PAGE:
Time to Stop Using the Truman Doctrine

Zack Boyden


Obama’s foreign is derided frequently by pundits and even entire media outlets. His lack of commitment to attacking Assad and Syria is seen as a sign of a passive presidency, and as a result is supposedly making the country itself seem like a runaway bride, hiding from the lifelong marriage of foreign intervention.

Since the Cold War we’ve gone so far in the interventionist direction that anything that goes beyond direct military attack seems soft and compromising. The fact that op-ed authors can deride directly arming and supporting Syrian rebel groups as “preserving Assad’s government” is troubling. Republican candidates called President Obama “weak” for sending in special forces soldiers but not conventional forces.

It seems as though the war hawks in the Beltway are from a different era—namely, one that involved a large ideological enemy to the United States that was not only state-sanctioned but also comparable in size and in power. During the Cold War, President Truman sought to prevent the spread of an ideology that was deemed hostile to American stability. In traditional eyes, the Cold War was fought to stop the spread of Communism being funneled by the Soviet Union to the rest of the world.

That may have been true then. But the problem now is that it seems that Congress, the Pentagon, and even some Obama Administration advisors are conflating radical Islamic terrorism with the ideological threat of the Soviet Union—and thus applying the Truman Doctrine to it.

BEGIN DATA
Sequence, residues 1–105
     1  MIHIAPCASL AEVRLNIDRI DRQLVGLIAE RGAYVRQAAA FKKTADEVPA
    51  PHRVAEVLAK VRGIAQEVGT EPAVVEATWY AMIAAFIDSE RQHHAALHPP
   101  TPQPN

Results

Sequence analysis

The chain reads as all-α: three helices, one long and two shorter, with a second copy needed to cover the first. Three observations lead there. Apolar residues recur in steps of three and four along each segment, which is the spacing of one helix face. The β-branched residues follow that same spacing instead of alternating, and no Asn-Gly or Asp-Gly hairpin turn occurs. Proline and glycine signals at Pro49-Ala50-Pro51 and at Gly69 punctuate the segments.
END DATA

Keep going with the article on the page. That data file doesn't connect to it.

This type of response fails to understand the nature of Islamic terrorism and how it differs from the spread of Communism.

For one thing, Islamic terrorism is geographically limited—it can only spread to where Islam has a significant presence. Despite terrorist attacks in the West, there is no base majority of support for these operations (and in fact the intention of the attacks is to strike fear into Western hearts.)

Secondly, the United States and the West as a whole thoroughly misunderstand the main cause of Islamic radicalism—which is Western imperialism. It is frightening and radical and certainly a threat, but it is also a defense mechanism in response to the imposition of Western modernity.

Our failure to recognize and redefine our definition of a threat will ultimately lead to further misunderstandings and further violence. It is time to commit to more nuanced understanding of foreign policy as we move on into our next presidency.


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